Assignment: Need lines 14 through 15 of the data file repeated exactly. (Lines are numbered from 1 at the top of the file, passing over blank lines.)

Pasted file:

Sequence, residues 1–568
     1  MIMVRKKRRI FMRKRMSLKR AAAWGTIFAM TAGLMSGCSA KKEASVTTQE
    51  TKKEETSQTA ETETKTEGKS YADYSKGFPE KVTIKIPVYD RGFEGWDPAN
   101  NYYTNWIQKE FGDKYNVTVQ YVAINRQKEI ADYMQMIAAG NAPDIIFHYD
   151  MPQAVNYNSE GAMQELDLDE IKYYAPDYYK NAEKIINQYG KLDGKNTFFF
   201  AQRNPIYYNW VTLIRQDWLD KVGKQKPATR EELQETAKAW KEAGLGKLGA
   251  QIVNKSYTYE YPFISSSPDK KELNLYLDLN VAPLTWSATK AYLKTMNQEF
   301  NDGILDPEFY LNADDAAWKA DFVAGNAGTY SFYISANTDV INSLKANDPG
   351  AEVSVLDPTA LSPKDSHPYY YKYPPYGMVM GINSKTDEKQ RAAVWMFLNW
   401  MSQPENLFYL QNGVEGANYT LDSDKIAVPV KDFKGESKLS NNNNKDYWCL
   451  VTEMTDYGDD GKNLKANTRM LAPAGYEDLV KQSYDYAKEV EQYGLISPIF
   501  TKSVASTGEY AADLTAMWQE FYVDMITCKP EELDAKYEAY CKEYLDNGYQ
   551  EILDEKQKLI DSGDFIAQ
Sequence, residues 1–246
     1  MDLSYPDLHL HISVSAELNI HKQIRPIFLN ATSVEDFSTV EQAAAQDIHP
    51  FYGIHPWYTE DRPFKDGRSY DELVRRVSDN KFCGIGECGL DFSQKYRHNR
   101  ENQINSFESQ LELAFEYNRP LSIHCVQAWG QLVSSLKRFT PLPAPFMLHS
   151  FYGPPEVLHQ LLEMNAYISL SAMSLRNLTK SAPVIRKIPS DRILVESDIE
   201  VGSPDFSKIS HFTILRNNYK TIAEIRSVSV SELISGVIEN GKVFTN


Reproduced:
Sequence, residues 1–246
     1  MDLSYPDLHL HISVSAELNI HKQIRPIFLN ATSVEDFSTV EQAAAQDIHP